The Portland Trail Blazers defeated the Memphis Grizzlies 115-113 in overtime at the Moda Center on Friday night. The win provided plenty of excitement for the crowd, plus a 1-0 record in group play for the NBA In-Season Tournament, now underway for real. The game featured multiple momentum swings, plenty of running, some truly awful shooting, and a showcase for one of Portland’s brightest young talents.
If you missed the action, you can find our quarter-by-quarter recap here. Once you’ve perused it, have a look at some of the other key aspects to the game.
Defense is Everything
Whatever reputation the Blazers had as an offense-only team has been erased in the first half-dozen games of the new season. This incarnation runs by a simple mantra: defend or die. Portland did some of each in this one.
The first-quarter defense was passable. Malcolm Brogdon and Matisse Thybulle starting improved the quality of play at the defensive end for the starters. The Blazers looked solid, at times intimidating, when hawking the ball.
Quickness is a huge improvement in Portland’s defense this year. Not only are they staying with dribblers better, when help comes, it gets there instantly. It’s amazing to watch two relatively-inexperienced, but athletic, defenders become a wall of intimidation against opponents. I love the willingness to help and the crispness of movement.
That’s where the story ends, though. Blazers defenders are nowhere near as good at recovering from the double teams they throw. When the Grizzlies found open passing lanes, their offense ran all but unopposed.
At the start of the second quarter, we also saw how completely the game collapses when Portland doesn’t defend. As Memphis hit shots semi-continuously, Portland lost most of their quick-offense opportunities. Their shots turned difficult. They started missing. And missing. And missing. And missing. Bad “D” wasn’t just giving Memphis points, it was costing Portland all of theirs. The Grizzlies went +17 in just 7 minutes under the circumstances.
After that, the Blazers found defensive synergy again. All of a sudden, they erased the Grizzlies’ lead and crawled back ahead. It was more proof of the binary state of Portland’s attack: all or nothing, resting on the “D”.
The fourth quarter, and especially overtime, showed the power of a full-armed and operational Blazers defense. They weren’t perfect; Memphis still scored, often on easy buckets. But nothing was certain. Portland’s defense was disruptive enough to make the opponent think twice, use clock, and miss long enough to provide rebound run-outs.
You don’t have to watch long before you figure out that, as flawed as this roster may be long-term, almost any moment of defense from them is better than the vast majority played over the last two seasons. If this was a point of emphasis this year, mission accomplished.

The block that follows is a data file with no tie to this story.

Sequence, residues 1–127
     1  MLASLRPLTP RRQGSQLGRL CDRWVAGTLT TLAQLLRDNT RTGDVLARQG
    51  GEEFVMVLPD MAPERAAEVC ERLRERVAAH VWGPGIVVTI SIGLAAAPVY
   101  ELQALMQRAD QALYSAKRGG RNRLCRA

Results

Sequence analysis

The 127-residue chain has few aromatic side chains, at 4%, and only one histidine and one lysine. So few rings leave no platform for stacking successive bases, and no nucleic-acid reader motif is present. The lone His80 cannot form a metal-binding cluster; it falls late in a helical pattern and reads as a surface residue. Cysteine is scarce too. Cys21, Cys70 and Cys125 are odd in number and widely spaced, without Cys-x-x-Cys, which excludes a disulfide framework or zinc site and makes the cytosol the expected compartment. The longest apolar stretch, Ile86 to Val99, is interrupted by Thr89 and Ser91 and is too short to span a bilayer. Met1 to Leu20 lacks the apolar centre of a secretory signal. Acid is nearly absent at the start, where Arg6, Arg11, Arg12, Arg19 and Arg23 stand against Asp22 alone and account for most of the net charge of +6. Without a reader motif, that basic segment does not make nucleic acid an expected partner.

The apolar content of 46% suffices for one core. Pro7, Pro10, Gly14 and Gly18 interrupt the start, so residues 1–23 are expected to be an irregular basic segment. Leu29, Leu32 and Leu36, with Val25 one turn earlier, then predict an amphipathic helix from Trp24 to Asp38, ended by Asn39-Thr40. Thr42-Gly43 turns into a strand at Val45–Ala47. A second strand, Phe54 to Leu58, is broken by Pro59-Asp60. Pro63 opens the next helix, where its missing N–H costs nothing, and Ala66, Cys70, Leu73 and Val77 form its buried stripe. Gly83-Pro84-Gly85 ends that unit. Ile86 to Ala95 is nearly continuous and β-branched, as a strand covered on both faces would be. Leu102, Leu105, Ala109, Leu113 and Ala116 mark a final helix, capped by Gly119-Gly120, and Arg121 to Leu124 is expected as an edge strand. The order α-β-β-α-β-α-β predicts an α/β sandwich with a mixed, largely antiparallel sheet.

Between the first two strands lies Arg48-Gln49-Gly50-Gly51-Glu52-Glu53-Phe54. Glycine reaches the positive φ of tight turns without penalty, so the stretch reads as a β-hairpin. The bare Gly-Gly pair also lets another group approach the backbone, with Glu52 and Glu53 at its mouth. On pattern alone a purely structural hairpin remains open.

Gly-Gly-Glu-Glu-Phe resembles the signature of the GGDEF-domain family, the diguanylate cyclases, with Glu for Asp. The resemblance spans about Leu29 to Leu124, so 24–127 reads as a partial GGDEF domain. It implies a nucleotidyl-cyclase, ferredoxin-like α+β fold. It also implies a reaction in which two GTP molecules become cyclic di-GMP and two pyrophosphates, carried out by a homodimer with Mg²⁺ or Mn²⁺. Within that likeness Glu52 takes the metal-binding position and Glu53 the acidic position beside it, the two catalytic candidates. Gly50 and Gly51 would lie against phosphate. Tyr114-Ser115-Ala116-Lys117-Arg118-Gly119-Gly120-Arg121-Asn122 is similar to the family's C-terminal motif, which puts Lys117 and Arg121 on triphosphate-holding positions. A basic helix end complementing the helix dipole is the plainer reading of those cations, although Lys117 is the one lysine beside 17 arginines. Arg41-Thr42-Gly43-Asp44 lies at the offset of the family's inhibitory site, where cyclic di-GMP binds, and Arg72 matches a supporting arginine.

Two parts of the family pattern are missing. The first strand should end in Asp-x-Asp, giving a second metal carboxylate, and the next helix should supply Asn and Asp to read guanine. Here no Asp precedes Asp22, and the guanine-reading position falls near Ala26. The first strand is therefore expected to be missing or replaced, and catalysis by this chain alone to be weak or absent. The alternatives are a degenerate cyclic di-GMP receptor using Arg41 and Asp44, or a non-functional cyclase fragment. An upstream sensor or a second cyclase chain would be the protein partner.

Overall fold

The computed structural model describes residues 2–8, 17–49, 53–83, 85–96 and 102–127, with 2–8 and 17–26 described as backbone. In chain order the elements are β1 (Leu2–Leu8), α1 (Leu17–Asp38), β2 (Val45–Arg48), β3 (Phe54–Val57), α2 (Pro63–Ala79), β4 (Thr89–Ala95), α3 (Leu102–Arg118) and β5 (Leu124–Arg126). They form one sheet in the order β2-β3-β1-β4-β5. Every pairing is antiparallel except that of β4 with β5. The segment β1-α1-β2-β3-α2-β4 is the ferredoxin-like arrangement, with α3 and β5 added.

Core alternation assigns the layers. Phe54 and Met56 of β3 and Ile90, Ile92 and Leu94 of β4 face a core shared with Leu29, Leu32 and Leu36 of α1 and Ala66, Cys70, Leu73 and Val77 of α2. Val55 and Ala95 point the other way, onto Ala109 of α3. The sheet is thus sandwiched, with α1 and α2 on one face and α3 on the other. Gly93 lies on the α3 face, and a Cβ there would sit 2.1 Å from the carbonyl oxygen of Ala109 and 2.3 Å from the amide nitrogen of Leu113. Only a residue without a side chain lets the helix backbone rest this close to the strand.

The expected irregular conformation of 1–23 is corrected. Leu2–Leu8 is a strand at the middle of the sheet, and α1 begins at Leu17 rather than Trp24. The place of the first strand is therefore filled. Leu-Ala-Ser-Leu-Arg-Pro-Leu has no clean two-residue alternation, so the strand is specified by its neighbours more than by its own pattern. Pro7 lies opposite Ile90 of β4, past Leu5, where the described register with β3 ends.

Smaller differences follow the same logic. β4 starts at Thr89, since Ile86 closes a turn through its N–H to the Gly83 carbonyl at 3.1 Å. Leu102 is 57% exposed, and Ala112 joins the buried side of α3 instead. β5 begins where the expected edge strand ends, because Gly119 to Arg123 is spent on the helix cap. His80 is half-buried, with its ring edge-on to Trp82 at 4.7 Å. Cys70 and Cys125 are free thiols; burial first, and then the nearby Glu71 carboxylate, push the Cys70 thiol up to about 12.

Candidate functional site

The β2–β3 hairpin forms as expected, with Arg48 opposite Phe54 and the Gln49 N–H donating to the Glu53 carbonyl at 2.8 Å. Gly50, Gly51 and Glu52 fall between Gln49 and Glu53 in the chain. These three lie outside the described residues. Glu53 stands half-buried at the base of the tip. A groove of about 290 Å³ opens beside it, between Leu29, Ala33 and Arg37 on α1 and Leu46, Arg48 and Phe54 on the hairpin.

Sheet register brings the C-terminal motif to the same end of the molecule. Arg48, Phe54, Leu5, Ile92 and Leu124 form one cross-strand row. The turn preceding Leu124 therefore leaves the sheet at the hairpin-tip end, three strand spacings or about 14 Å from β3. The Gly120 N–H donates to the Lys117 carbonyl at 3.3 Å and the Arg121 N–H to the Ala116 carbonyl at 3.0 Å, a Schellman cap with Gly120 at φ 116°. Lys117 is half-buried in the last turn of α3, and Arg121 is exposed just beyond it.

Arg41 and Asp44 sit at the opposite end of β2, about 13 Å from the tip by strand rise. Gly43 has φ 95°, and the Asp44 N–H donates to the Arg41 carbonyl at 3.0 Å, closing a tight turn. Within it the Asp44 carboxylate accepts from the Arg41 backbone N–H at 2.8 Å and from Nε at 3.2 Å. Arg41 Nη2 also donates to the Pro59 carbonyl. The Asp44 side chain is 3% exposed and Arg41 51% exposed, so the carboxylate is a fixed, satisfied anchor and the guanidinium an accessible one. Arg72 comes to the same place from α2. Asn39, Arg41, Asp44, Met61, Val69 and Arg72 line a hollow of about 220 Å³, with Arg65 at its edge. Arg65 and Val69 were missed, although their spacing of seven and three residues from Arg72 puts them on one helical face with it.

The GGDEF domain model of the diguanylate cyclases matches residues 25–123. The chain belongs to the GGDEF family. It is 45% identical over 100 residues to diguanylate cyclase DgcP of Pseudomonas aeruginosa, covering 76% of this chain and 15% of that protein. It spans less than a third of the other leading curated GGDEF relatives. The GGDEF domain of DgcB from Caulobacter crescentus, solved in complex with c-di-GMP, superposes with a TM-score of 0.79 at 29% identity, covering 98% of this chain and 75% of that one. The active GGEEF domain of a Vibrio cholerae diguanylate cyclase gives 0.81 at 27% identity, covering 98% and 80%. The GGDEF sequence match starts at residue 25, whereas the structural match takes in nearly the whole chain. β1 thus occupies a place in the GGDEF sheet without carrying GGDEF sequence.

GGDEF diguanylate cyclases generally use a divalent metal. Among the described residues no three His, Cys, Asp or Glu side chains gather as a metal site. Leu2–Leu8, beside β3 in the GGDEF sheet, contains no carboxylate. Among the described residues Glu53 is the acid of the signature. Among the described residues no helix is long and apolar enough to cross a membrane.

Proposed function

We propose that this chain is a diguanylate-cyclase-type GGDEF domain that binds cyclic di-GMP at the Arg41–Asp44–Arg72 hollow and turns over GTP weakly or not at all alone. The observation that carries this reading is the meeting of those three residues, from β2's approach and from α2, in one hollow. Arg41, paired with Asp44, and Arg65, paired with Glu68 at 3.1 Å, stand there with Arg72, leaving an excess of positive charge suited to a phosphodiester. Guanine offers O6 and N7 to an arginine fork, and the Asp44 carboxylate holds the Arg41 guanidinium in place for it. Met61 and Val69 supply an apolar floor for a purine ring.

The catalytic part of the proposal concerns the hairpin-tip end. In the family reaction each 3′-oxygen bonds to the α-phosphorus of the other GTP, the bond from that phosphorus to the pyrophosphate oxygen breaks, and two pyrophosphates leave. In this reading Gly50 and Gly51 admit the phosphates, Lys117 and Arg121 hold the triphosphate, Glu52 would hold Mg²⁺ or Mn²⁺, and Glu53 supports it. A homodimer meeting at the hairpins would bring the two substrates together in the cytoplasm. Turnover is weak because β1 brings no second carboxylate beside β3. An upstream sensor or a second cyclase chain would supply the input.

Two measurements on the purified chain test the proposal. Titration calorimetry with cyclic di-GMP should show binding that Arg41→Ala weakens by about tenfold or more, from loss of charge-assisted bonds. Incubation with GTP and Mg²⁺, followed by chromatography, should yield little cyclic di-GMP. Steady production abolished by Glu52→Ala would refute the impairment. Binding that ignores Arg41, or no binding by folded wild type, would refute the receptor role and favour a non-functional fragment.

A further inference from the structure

From momentum-changing drives to clutch free-throws to a game-saving block at the end of regulation, Shaedon Sharpe led the Blazers tonight. He’s been pushing at the outer boundaries of his role already. This game solidified it. Inconsistent or not, right decisions or not, Sharpe is bound and determined to be the go-to player for this team on both ends of the court.
Sharpe’s defensive vision and effectiveness have grown exponentially since last season. His layups and the occasional three are icing on the cake. So, too, his passing (when it works). He shot only 7-17 on his way to 22 points, but he hit 6 of 7 free throws, exactly how he needed to score in an otherwise-fractured game.
Overall, this may have been the best game of Sharpe’s career. It wasn’t his most prolific, but he changed the momentum every time the Blazers started slipping behind. For a second-year player with little experience prior to reaching the NBA, that’s an achievement worth noting.
The Grizzlies hit a couple key three-pointers in the fourth quarter. Portland hit two in overtime. Around those vital shots came a flurry of awful misses for both teams. Each had open opportunities. Neither could connect with any regularity.
Portland shot 9-32 from distance, a painful 28.1%. The Grizzlies were hardly better, shooting 10-35, 28.6%. Sharpe hit 2-5 from distance, Jerami Grant 3-7, with many shots bouncing in and out. The rest of the team shot 5-20.
Sharpe saved the Blazers’ bacon from the foul line late. Malcolm Brogdon shot 10-12 from the charity stripe, the only way he was hitting reliably this evening. Overall the Blazers went 28-36, obliterating Memphis and their 9-13 production. This is the second straight game that Portland has outstripped the opponent at the line, a big turn-around from the first couple games of the year. Stay tuned.
Take it on the Run
It was a good news, bad news night for the Blazers in the running department. They forced 12 steals, which was phenomenal. The also scored a healthy 21 points on fast breaks. They gave up 26 fast break points to the Grizzlies, though.
A final, right-brained note. It’s impressive that the Blazers keep bouncing back from adversity, a quality nobody knew they had. Memphis had them down and reeling at least twice. After giving up big runs, the Blazers locked down, ran hard, and got back in it. They deserve huge credit for that.
The Blazers will take on the Grizzlies once again at 6:00 PM, Pacific on Sunday at the Moda Center.